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Preview | DmC Devil May Cry: Definition Edition

by on January 28, 2015
 

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The Devil May Cry reboot seemed to divide fans, whether it was due to the overall style or the change in look of Dante himself. Nonetheless, the game was still pretty good for the Xbox 360 and PS3. However, Capcom is going to be remastering the game by way of DmC Devil May Cry: Definitive Edition, which is headed to the PlayStation 4 and Xbox One in March.

With the remaster, fans are not only getting a visually upgraded version of the game, but also all of the DLC packs, new costumes and some cool modifiers; not to mention some better gameplay tuning.

Having played the game for nearly an hour, I came away impress with how the game does in fact feel like a reworked version of the game that fans should enjoy. Players will have to really work hard this time around for SSS ranks, as combinations will pay off better than random button mashing, and parries take a lot more work to pull off.

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Ninja Theory also managed to get DmC to run at 60 frames per second (last-gen versions ran at 30 fps) in 1080p (on both consoles) and the gameplay feels great, especially when the action is fast-paced. Speaking of which, the developer also took advantage of the higher frame rate to sneak in Turbo Mode, which was a mod that was created for the PC version and in my opinion, feels even better than playing the game at regular speed.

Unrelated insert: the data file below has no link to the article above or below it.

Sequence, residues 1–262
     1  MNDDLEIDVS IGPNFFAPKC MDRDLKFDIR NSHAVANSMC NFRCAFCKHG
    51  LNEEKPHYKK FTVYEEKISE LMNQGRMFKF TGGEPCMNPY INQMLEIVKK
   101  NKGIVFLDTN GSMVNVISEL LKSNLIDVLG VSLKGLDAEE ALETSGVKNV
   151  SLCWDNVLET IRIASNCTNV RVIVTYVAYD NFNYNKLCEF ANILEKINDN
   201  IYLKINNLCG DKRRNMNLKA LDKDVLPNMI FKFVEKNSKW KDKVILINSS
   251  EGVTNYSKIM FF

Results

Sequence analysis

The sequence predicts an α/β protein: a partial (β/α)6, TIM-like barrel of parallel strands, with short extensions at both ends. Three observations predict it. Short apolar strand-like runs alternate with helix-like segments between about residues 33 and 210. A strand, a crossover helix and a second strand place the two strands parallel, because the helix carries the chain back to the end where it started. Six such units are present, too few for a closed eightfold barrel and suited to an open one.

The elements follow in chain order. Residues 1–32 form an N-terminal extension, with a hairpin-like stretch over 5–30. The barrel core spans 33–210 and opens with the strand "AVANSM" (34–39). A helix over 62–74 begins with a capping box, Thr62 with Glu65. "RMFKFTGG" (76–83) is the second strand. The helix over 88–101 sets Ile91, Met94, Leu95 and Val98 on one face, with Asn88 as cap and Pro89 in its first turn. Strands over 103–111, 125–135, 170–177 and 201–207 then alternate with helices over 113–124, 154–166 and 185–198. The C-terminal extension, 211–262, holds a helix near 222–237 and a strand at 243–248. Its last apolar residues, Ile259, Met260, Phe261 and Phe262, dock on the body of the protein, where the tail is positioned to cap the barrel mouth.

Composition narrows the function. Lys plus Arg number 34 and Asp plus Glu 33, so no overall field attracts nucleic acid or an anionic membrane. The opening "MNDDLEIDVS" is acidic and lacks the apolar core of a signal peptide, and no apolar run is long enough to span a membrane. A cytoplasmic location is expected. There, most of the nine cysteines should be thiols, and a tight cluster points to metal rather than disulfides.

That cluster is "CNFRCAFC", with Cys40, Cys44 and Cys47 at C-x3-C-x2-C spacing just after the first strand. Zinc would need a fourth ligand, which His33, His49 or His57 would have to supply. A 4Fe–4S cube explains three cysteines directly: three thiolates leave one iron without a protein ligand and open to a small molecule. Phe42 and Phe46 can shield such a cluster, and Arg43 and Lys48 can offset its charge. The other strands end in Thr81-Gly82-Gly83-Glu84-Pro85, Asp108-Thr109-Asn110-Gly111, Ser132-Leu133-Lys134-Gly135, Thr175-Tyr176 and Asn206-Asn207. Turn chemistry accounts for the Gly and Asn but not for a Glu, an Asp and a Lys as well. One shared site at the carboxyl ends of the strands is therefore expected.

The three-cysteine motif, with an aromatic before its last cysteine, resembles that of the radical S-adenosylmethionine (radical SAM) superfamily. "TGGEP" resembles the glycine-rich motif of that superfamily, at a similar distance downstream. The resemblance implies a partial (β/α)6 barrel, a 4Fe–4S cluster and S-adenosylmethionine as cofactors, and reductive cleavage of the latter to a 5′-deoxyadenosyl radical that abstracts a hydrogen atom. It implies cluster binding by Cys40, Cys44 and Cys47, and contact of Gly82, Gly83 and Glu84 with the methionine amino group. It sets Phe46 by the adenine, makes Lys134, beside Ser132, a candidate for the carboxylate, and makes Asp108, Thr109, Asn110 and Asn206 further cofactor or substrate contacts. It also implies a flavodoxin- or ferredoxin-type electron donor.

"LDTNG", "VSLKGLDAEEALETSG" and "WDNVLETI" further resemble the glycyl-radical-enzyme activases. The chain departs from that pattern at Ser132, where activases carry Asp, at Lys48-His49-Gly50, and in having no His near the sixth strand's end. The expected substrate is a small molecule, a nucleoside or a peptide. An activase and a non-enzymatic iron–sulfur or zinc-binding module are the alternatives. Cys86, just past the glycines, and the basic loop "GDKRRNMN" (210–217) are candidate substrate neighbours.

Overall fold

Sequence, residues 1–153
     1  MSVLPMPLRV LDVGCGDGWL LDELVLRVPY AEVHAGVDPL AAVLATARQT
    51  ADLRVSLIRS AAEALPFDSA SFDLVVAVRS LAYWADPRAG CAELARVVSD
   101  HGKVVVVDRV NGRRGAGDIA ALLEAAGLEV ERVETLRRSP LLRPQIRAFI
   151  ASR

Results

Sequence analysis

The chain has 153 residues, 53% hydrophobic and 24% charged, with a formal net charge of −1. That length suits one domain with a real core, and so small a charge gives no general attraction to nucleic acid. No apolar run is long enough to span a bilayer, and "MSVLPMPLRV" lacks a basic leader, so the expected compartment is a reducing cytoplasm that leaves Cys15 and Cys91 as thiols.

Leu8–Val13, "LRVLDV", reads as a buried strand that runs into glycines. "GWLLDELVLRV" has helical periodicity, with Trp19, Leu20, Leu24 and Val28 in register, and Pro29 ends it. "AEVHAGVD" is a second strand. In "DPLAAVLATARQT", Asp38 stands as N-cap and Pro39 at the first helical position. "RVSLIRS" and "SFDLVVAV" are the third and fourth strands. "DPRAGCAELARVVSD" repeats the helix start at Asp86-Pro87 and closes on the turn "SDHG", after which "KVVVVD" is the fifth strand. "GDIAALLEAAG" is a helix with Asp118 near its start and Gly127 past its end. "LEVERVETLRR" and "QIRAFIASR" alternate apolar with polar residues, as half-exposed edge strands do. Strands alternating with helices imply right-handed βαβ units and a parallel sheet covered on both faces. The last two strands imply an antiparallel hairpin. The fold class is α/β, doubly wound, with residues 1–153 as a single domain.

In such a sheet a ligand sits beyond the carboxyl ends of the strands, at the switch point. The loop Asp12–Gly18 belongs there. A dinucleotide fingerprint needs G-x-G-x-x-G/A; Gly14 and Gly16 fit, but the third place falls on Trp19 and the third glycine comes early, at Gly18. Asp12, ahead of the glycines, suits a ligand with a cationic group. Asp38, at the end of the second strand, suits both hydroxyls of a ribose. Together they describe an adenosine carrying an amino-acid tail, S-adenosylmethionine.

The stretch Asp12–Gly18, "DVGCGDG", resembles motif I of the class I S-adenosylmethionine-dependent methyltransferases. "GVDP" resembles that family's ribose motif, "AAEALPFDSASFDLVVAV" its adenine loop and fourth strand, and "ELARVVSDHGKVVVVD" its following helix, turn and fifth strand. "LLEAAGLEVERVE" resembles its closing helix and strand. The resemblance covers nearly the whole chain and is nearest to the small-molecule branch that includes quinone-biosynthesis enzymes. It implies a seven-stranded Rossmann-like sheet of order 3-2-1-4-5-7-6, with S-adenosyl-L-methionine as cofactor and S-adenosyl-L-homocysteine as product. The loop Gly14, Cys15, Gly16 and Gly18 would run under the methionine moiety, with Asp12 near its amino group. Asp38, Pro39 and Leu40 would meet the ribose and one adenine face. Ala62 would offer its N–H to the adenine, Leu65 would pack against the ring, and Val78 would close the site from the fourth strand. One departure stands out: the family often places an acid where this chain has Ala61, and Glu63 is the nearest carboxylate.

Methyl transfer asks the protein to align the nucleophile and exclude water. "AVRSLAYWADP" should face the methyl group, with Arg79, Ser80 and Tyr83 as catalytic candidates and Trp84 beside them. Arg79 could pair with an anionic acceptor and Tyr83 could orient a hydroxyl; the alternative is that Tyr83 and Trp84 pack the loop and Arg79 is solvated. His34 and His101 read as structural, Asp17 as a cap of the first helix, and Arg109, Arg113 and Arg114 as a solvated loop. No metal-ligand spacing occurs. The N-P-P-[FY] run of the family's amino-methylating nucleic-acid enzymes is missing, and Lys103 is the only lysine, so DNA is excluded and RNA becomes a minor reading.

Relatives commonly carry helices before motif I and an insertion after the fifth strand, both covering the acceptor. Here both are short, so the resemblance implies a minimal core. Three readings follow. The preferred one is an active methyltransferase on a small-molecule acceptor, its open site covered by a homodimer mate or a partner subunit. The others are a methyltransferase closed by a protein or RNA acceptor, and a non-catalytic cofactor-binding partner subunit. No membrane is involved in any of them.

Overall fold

Another much-needed feature is lock-on targeting, which thankfully has made it to this version of the game as well as the ability to remap the button layout. Then there is Hardcode Mode, which is for those who really want an old school DMC feel. It’s a gameplay modifier that you can turn on before missions, while Must Style mode is a modifier that forces player to reach S rank (or higher) in order to do any damage to enemies.

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Players will also find a new Bloody Palace mode for Vergil, which I like the original mode for Dante, but you only get 60 levels instead of 100 (for Dante). You can however turn off the timer in Bloody Palace and the stages do have multiple phases where you’ll basically warp to different areas.

It’s safe to say that ‘so far, so good’ from what I’ve seen with DmC Definite Edition and I dare say it may turn out to be the kind of game that we were hoping for from the start.

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